Jack Knight

Frederic Cleaveland Professor of Law and Political Science

External Address: 
Duke Law School 210 Science Dr, Box 90362, Durham, NC 27708
Internal Office Address: 
Duke Law School Room 3010, Duke Box 90362, Durham, NC 27708-0204
Phone: 
(919) 613-8551
Specialties: 
American Politics, Political Theory, Political Economy, Political Institutions

A renowned political scientist and legal theorist, Professor Knight's scholarly work focuses on modern social and political theory, law and legal theory, and political economy. He holds a joint appointment with Duke Law School and Duke's Trinity College of Arts and Sciences, where he teaches in the Politics, Philosophy and Economics Program. At the Law School, he teaches courses on social scientific approaches to law and courts, as well as courses on the political economy of social institutions.
Professor Knight's research focuses on the rules and norms that organize human activities in nations. In addition to study of the motivations and decisions of judges, he has examined the effects of the norm of extensive prior judicial experience as a prerequisite for service on the U.S. Supreme Court, as well as several other aspects of how courts make decisions and how judges choose their positions in opinions.
Professor Knight is the author of several books: Institutions and Social Conflict(Cambridge University Press, 1992), Explaining Social Institutions (with Itai Sened) (The University of Michigan Press, 1995), and The Choices Justices Make(with Lee Epstein) (Congressional Quarterly Press, 1997), which won the American Political Science Association's C. Herman Prichett Award for the best book published on law and courts. He co-edited Courts, Judges and Politics(McGraw-Hill, 6th Edition, 2005) and has published numerous articles in journals and edited volumes on such topics as democratic theory, the rule of law, judicial decision-making, and theories of institutional emergence and change.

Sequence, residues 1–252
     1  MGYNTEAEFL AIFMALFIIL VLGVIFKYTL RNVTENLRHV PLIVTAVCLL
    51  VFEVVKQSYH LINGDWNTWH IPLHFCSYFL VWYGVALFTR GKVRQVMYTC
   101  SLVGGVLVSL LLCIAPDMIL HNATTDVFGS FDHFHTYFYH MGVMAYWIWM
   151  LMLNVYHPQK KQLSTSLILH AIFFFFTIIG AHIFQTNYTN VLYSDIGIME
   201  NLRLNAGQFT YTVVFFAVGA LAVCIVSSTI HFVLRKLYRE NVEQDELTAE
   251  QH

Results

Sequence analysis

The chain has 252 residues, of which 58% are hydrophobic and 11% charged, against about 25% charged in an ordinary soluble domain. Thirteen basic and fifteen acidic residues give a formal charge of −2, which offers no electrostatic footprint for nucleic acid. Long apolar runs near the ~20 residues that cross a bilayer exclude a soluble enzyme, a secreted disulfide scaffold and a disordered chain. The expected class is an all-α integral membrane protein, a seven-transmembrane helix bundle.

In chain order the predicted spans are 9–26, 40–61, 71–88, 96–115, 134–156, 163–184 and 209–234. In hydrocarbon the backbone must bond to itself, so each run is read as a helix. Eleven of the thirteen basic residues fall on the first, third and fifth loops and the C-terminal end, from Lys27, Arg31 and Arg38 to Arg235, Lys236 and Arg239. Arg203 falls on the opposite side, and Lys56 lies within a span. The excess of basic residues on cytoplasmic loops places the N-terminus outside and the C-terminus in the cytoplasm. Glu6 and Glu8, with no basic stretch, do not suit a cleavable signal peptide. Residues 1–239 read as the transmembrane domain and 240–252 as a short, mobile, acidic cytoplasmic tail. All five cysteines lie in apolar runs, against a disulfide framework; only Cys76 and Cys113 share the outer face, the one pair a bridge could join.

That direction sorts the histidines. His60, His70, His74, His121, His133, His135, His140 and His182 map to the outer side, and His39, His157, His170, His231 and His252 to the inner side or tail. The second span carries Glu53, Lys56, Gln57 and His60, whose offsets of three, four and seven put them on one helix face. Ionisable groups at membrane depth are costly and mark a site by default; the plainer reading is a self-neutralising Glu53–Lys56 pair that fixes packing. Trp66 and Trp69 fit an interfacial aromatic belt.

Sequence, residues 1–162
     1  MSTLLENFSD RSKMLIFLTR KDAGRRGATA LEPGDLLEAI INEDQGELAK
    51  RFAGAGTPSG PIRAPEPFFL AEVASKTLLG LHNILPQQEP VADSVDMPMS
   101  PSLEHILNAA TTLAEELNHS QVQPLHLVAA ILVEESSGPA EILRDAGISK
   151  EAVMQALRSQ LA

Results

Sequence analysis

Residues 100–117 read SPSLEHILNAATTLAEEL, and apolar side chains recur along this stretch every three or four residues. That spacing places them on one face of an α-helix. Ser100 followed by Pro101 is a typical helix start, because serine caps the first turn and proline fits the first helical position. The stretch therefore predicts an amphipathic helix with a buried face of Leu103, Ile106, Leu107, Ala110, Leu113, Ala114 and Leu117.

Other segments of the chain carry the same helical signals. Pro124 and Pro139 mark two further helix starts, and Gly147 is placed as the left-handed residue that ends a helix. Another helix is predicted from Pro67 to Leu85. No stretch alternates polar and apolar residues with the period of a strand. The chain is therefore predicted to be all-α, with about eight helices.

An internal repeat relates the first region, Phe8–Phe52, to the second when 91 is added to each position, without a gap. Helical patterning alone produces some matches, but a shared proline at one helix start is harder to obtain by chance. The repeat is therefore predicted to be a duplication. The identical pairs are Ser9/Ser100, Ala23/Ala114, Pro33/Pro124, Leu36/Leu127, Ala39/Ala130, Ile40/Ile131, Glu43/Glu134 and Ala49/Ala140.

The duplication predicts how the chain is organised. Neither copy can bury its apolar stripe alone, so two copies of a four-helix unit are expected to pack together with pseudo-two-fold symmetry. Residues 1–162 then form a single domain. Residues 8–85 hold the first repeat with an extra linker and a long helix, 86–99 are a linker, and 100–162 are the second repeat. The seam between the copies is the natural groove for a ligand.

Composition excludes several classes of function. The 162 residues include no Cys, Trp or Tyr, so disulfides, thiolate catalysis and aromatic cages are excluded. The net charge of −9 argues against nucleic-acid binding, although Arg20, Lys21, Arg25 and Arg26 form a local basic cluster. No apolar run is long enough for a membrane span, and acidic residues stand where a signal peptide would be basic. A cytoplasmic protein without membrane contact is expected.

Prior to joining Duke Law in 2008, Professor Knight was the Sidney W. Souers Professor of Government at Washington University of St. Louis, where he served as chair of the Department of Political Science and was a fellow of the university's Center for Political Economy. He also has taught at the University of Chicago and the University of Michigan and was an attorney with the Peninsula Legal Aid Center in Hampton, Va. He has served as a visiting professor at the International Center for Business and Politics of the Copenhagen Business School and a visiting scholar with the Russell Sage Foundation and the Max Planck Institute in Bonn, Germany.
Professor Knight holds a bachelor's degree and JD from the University of North Carolina at Chapel Hill and an MA and a PhD in political science from the University of Chicago.
View Professor Knight's profile at the Political Science Department

Education

  • Ph.D., University of Chicago 1989
  • M.A., University of Chicago 1980
  • J.D., University of North Carolina at Chapel Hill 1977
  • B.A., University of North Carolina at Chapel Hill 1974

Knight, J. Immigration, Emigration, and Migration. 2017. (Edited Book)

Knight, J, and Schwartzberg, M. Wealth (Accepted). NYU Press, 2017. (Edited Book)

Knight, J. Compromise (Accepted). NYU Press, 2017. (Edited Book)

Knight, J, and Johnson, J. The Priority of Democracy: Political consequences of pragmatism. Princeton: Princeton University Press, August 22, 2011.

Designing Democratic Government: Making Institutions Work. Ed. J Knight, M Levi, S Stokes, and J Johnson. New York: Russel Sage, 2008. (Edited Book)

Courts, Judges, and Politics. Ed. J Knight, CH Pritchett, W Murphy, and L Epstein. McGraw-Hill Humanities/Social Sciences/Languages, April 19, 2005.

Knight, J, and Epstein, L. The Choices Justices Make. Congressional Quarterly Press, 1998. (Monograph)